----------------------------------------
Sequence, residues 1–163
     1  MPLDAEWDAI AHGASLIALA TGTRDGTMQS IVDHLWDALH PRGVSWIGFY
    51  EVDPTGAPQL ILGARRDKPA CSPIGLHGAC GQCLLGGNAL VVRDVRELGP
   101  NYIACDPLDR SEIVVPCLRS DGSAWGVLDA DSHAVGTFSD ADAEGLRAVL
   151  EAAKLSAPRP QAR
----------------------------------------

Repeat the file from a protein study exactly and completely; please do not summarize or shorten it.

Sequence, residues 1–163
     1  MPLDAEWDAI AHGASLIALA TGTRDGTMQS IVDHLWDALH PRGVSWIGFY
    51  EVDPTGAPQL ILGARRDKPA CSPIGLHGAC GQCLLGGNAL VVRDVRELGP
   101  NYIACDPLDR SEIVVPCLRS DGSAWGVLDA DSHAVGTFSD ADAEGLRAVL
   151  EAAKLSAPRP QAR